Mohamed Seleem, director of the Center for One Health Research at Virginia Tech. Courtesy of Virginia Tech.

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Tech center receives grant for gonorrhea research

The Center for One Health Research at Virginia Tech has received nearly $2 million for research into gonorrhea.

Gonorrhea, a sexually transmitted disease contracted by an estimated 100 million people each year worldwide, and, increasingly, the Neisseria gonorrhoeae bacterium is resistant to existing antibiotics, according to a release from Virginia Tech.

Mohamed Seleem, director of the Center for One Health Research at Virginia Tech, said that even if a new effective antibiotic were found at this moment in the lab, it would likely be the late 2030s before it got on the market.

Seleem, the Tyler J. and Frances F. Young Endowed Chair in Bacteriology at the Virginia-Maryland College of Veterinary Medicine, and Dan Flaherty, associate professor of medicinal chemistry and molecular pharmacology at Purdue University, are the principal faculty for a $3 million grant awarded by the National Institutes of Health (NIH) for ongoing studies on how to repurpose existing drugs to fight Neisseria gonorrhoeae.

The Center for One Health Research’s portion of the grant is $1.9 million. The center is a collaboration between the veterinary college and the Edward Via College of Osteopathic Medicine and follows the philosophy that animal health, human health, and the environment are closely linked, encouraging professionals in these fields to collaborate to improve overall health.

By repurposing existing drugs, there is the hope of getting new drugs that can fight gonorrhea on the market much more quickly than the 15 years that often exists between lab discovery of a new antibiotic and a marketable product.

Specifically, Seleem’s group, including postdoctoral researchers Nader Abutaleb and Ahmed Elhassannyhas, found some diuretics, such as acetazolamide, are promising in the fight against gonorrhea. 

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Chuan Hong, plant pathology professor in the Virginia Tech School of Plant and Environmental Sciences, examines a plant.
Chuan Hong, plant pathology professor in the Virginia Tech School of Plant and Environmental Sciences. Courtesy of Virginia Tech

Tech-led boxwood blight group wins award from USDA

The Virginia Tech-led Boxwood Blight Insight Group (BBIG) was awarded a Partnership Award from the U.S. Department of Agriculture’s National Institute of Food and Agriculture in the Program Improvement through Global Engagement category.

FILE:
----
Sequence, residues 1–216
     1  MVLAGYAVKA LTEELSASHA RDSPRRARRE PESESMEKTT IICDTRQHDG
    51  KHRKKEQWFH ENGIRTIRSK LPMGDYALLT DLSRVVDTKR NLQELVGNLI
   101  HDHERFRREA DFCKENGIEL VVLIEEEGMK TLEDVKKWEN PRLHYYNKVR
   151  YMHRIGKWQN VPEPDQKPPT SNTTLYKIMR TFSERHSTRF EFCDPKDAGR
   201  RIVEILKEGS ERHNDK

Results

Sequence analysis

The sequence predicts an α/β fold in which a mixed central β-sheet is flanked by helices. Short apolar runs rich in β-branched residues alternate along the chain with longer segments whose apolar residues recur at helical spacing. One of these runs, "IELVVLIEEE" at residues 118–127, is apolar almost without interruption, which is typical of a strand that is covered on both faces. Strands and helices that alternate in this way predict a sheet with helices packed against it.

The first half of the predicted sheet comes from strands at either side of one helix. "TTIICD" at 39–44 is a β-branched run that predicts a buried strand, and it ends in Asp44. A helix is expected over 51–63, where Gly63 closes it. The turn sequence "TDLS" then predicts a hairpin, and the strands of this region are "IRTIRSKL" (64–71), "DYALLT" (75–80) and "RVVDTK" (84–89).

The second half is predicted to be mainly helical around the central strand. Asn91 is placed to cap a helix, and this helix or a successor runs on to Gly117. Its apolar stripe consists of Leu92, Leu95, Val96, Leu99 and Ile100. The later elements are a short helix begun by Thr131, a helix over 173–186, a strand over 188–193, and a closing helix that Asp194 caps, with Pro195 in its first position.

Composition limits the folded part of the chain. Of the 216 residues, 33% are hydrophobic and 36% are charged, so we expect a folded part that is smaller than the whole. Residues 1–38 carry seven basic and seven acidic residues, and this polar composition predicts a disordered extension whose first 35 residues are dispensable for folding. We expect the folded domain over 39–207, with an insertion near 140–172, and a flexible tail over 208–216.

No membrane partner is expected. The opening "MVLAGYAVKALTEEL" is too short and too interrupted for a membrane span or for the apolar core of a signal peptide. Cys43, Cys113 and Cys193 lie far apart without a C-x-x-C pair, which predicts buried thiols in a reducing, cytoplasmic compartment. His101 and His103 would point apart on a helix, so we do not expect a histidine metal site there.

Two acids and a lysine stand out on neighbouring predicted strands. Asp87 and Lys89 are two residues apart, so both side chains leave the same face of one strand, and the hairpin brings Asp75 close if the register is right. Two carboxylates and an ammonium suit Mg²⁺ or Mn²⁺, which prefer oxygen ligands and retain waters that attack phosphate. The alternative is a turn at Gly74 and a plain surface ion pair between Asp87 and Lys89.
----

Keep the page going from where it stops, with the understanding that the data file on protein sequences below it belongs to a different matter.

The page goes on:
The group of researchers and collaborators from across the country, with partners around the world, was led by Chuan Hong, plant pathology professor in the Virginia Tech School of Plant and Environmental Sciences.

The group studied the emerging destructive disease of boxwood blight, which has destroyed entire crops and resulted in significant economic losses for garden centers and production facilities, as well as many historic boxwood plantings. Over the past three years, the scientists have collaborated with colleagues in Germany, Belgium, and the United Kingdom on the best ways to mitigate the spread of the boxwood blight.

Symptoms of blight include black, cloudy spots on leaves, which often get larger and cover the entire leaf, causing it to fall off of the plant.

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Danville CC to hold walk-in financial aid workshop

Danville Community College will hold a Walk-in Financial Aid Workshop on Wednesday, November 16 from 4 p.m. – 6 p.m. in Wyatt 111 on the DCC Campus. Attendees will have the opportunity to apply for aid for the Spring ’23 and Fall ’23 semesters.

“Students who do not want to fill out the form alone or who feel intimidated by the process can walk in to our office on November 16th with their 2020 (for Spring ’23) and 2021 (for Fall ’23) tax returns and we can walk them through the process on the spot,” said Angela Turner, financial aid director, in a statement. “Since we are conducting our Financial Aid Workshop in tandem with our Walk-In Wednesday event in Student Services, those wanting to get started at DCC can come in and apply, register for classes, and get their financial aid application done all in one visit to our campus. Even those simply wanting more information about what we offer are welcome to come and gather information about the process.”

The DCC Student Services Team, as well as the TRIO EOC office, will be offering their services on a walk-in basis with no appointment required on November 16 from 9 a.m. – 6 p.m., as well as on five additional Wednesdays throughout November, December, and January, from 9 a.m. – 5 p.m.

The school will also be offering walk-in services on November 30; December 7, 14, & 21; and January 4.

Enrollment for Spring ’23 classes opened on November 1 and the FAFSA for the ’23-’24 academic year became available for submission on October 1 of this year.